Sign up ×
Stack Overflow is a question and answer site for professional and enthusiast programmers. It's 100% free.

I had a mysterious bus error that occurred, on a x86 (32-bit) platform, when running code compiled with gcc-4.8.1 with -march=pentium4. I traced the problem to an SSE instruction:

movdqa %xmm5,0x50(%esp)

with esp = 0xbfffedac. movdqa requires the address to be 16-byte aligned, which is not the case here, thus the bus error.

The problem does not occur if compiling with -march=native (this is a Core-i3 processor).

As far as I know, the only stack alignment guaranteed on Linux/x86 is 4-byte. Thus, it seems weird that the code generator should choose to use movdqa, without some kind of alignment check, even though there is an instruction movdqu for possibly unaligned accesses.

So, this looks like there is a bug in gcc.

I'm not an expert on SSE and x86 ABI, and I'd appreciate feedback before I send a bug report.

share|improve this question
You are wrong, stack alignment on Linux/x86 can sometimes be 16 bytes. See x86-64 ABI, Linux foundation references and x86 calling conventions – Basile Starynkevitch Feb 13 '14 at 7:59
This is x86, not x86-64... that's the problem! The site claims: "Since GCC version 4.5, the stack must be aligned to a 16-byte boundary when calling a function (previous versions only required a 4-byte alignment.)[citation needed]" "Citation needed", I'd like to get a reference for that. – monniaux Feb 13 '14 at 8:06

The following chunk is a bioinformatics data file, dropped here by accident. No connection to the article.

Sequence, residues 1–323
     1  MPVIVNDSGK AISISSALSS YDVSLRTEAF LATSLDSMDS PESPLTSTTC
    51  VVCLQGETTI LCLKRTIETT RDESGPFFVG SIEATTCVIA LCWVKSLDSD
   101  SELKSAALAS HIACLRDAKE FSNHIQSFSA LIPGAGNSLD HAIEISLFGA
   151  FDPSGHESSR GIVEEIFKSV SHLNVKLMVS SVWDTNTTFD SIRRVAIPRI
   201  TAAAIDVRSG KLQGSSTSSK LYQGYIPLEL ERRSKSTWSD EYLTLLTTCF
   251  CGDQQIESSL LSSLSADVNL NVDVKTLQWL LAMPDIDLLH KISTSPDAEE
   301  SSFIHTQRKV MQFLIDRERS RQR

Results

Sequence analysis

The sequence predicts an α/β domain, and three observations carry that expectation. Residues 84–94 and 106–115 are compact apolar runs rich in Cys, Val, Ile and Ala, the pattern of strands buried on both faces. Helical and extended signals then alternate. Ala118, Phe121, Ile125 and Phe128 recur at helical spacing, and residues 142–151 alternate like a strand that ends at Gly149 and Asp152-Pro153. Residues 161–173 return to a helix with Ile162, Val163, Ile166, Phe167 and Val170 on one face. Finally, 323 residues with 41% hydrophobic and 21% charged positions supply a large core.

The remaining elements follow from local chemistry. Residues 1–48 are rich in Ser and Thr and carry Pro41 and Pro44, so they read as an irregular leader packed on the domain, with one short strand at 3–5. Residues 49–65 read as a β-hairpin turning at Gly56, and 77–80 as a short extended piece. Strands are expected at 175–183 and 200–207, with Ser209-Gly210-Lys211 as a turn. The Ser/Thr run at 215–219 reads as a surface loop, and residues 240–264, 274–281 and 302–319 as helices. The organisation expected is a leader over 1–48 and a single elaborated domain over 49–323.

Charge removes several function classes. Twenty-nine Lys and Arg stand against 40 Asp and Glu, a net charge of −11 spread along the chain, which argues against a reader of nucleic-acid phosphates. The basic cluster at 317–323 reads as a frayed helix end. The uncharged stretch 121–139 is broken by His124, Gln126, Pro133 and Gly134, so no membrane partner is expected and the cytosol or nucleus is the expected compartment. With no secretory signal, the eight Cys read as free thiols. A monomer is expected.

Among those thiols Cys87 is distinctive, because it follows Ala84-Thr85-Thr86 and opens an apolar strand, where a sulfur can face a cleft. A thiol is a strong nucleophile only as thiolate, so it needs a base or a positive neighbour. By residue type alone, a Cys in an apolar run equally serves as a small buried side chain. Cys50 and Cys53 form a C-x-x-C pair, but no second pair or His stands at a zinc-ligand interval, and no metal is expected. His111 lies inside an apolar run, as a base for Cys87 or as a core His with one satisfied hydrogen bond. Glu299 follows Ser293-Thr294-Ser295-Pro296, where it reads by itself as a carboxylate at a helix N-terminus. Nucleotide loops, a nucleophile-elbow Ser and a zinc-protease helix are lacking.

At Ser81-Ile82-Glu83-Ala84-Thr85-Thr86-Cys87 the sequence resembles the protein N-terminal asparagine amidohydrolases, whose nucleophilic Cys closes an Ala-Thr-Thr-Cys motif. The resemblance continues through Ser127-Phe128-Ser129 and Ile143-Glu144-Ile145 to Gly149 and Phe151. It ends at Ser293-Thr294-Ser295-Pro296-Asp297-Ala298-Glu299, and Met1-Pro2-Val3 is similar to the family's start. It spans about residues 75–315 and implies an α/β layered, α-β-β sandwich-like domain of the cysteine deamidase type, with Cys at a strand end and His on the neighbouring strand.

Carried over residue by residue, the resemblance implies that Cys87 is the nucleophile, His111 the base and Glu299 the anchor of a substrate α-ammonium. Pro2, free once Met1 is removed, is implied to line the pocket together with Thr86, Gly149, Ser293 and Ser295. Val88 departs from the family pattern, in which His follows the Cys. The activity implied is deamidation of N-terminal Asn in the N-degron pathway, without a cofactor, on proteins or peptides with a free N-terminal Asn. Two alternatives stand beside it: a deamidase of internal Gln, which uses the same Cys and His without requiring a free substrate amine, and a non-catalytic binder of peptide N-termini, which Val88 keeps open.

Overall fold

See this comment. Stack alignment on 32 bits x86/ia32 is now 16 bytes because of SSE, IIUC. And if the GCC compiler had to align stack frames for every SSE code, it would not worth the pain and runtime cost. – Basile Starynkevitch Feb 13 '14 at 8:09
Ah ah, indeed I found relevant paragraphs in the gcc documentation on x86 code generation. It seems OCaml misaligns the stack (and since it shows only if calling code containing some SSE instructions...). – monniaux Feb 13 '14 at 8:22
@monniaux, why does march=pentium4 cause the problem and not march=native? – Z boson Feb 13 '14 at 11:57

1 Answer 1

Now the default in gcc is -mpreferred-stack-boundary=4 (16-byte alignment), which sets -mincoming-stack-boundary=4.

Problems can thus occur if gcc code using SSE is called from code generated by other compilers which have different stack alignment assumptions, such as OCaml (see discussion on the OCaml bug tracker).

share|improve this answer

Your Answer


By posting your answer, you agree to the privacy policy and terms of service.

Not the answer you're looking for? Browse other questions tagged or ask your own question.